You want to get a grip on the situation quickly, treat it with severity but equally keep your cool and don’t blow things out of proportion. Just by being proactive and nipping it in the bud can help you get things back on the right track without any hassle or fuss and sometimes examples need to be made but no one wants to lose a good employee if it can be avoided. A simple guideline should be enough to avoid further scenarios cropping up.  For example, a company wide note to say what company issues you regard as private (e.g disputes, working conditions, complaints about management etc) should be addressed to you, their manager or HR and not discussed on social media;

Social networking can be an excuse for avoiding face-to-face conversations by many.

Often a quiet word by a manager can avoid issues that lead to disciplinary and grievance problems. Emails, texts and messaging systems can leave managers reliant on communicating electronically, so lead by example, enjoy more face to face conversations or calls, where the correct tone of voice can be heard and miscommunication can be instantly corrected.

If you have concerns about how equipped you are to manage HR policies and procedures, then we can help. We’ll pinpoint any potential issues that are at play in your workplace, and give you practical advice around what you need to do next.

theHRhub is the ultimate online HR support service for Startups and SMEs – providing software, templates, expert advice and up to date news and views, straight to your mobile or tablet. It’s like having an HR director in your pocket but without the price tag!

Call us on 0203 627 7048 or drop us a line at for a no-strings chat about your HR needs.

Welcome Aboard! Your Checklist for Nailing New Starter Success 🤝

Welcome Aboard! Your Checklist for Nailing New Starter Success 🤝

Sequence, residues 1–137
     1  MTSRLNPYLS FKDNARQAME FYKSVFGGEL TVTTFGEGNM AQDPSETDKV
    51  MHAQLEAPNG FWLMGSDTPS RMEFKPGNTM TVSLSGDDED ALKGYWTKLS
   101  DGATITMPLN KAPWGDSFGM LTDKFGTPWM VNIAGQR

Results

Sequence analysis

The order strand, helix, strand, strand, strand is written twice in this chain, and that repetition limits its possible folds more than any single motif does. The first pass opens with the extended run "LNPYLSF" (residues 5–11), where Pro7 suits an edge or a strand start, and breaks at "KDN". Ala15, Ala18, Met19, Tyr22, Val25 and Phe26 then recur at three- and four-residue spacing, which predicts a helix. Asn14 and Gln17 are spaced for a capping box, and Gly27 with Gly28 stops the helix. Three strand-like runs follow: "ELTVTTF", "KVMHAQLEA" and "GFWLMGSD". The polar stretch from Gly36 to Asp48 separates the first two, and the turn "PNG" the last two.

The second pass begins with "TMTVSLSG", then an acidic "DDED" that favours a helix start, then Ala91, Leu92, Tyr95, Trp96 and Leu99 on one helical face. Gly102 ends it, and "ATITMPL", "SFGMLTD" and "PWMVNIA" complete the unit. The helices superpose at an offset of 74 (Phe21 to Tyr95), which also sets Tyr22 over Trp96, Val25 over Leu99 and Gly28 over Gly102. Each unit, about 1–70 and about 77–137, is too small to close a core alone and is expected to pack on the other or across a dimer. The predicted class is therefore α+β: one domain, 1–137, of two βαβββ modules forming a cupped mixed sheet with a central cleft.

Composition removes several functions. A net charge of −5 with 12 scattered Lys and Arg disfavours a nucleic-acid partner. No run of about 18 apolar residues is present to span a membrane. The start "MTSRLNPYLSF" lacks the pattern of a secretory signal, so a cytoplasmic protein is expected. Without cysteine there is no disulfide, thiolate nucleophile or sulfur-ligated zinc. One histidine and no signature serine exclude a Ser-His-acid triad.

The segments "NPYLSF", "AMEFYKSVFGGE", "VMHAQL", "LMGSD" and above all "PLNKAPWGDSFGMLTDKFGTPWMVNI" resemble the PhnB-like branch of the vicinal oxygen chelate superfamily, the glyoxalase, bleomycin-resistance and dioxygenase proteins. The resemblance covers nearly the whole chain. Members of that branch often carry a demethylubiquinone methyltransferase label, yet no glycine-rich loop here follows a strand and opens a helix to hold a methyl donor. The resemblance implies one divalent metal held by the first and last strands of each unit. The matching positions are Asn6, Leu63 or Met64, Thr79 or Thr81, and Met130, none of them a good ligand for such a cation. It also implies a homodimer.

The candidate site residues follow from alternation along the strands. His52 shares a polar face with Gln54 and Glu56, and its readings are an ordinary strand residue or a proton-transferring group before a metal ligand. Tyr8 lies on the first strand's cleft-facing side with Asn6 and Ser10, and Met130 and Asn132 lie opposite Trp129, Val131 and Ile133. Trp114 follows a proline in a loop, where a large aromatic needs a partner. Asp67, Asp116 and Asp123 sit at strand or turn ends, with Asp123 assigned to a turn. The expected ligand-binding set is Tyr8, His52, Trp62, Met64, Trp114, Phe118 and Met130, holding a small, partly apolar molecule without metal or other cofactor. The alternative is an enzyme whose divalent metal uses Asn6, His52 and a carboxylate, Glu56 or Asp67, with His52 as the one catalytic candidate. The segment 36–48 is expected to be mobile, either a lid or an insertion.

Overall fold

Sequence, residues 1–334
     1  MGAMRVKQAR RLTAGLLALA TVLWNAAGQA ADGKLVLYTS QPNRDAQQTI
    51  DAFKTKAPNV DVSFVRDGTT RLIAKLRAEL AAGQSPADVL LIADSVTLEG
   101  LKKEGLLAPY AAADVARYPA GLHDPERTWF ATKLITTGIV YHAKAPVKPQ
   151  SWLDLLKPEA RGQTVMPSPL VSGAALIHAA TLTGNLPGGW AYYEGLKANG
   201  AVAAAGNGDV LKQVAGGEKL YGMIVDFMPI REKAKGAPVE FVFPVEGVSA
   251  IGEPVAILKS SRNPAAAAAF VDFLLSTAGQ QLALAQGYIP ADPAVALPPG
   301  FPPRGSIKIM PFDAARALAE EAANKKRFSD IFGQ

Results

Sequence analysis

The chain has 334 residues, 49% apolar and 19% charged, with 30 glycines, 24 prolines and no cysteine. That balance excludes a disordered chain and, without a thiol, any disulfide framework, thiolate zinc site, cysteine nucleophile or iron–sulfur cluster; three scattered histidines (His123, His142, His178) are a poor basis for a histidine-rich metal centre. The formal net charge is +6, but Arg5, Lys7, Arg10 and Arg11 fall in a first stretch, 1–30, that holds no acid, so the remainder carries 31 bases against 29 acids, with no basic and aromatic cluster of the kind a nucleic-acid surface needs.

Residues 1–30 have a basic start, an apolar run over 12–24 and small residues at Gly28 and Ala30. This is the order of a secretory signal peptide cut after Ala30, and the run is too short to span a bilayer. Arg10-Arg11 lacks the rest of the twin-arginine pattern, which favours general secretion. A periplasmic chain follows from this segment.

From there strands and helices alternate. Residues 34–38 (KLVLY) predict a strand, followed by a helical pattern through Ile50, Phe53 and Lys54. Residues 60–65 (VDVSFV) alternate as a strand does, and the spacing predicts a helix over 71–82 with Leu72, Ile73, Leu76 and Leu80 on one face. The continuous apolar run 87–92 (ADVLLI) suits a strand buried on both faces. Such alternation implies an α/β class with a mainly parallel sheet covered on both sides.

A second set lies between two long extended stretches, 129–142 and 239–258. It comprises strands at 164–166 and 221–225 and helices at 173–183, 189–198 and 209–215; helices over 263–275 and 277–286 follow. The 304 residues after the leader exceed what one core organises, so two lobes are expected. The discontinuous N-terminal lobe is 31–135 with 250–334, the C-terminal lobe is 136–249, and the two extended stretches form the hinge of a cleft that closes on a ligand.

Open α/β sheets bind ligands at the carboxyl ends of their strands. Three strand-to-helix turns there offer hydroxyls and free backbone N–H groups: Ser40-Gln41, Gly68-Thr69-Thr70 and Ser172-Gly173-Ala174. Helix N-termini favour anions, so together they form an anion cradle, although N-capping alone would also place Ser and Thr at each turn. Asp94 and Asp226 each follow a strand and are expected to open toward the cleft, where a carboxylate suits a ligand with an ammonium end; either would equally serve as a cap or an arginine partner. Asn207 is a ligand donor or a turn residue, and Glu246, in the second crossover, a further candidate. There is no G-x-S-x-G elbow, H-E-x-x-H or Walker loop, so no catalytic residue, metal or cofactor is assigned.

For many this year, even though numbers might not have been as high as other years, January and February have seen an influx of new faces around the office.

The arrival of these newbies is an opportune moment to reflect on how you can not just welcome them, but truly integrate them into your teams. It’s hardly a secret that the way we bring people into our organisations can make or break their experience – and, by extension, their commitment and performance.

Research is loud and clear on this: a well-thought-out onboarding process is directly linked to happier, more productive employees who are not just likely to stick around but also to thrive. Despite this, the sad reality is that many companies still treat this process as an afterthought, leading to unnecessary stress and a disheartening start for many.

But fear not! I’ve put together a checklist that’s all about adding that personal touch and ensuring your newbies feel not just welcomed but valued from day one. Let’s dive in!

The HR Hub’s New Starter Success Checklist

  • First Impressions Matter: A Warm Welcome Goes a Long Way: Nothing says “we’re glad you’re here” like being greeted by friendly faces on your first day. Make sure someone’s there to welcome them, their workspace is all set, and they have the tools they need. It’s the little things that count.
  • Buddy Up: The Power of a Good Mentor: Pair your new starter with a seasoned pro who’s not just knowledgeable but also approachable. This mentor can help them navigate the new environment, introduce them to the team, and be a go-to for all those “how do we do things here?” questions. It’s about making connections and feeling supported.
  • The Big Picture: Sharing Your Story:Take the time to share the essence of your organisation – its history, values, and vision. Show them how they fit into this bigger picture. It’s an empowering reminder that they’ve made a fantastic choice in joining your team.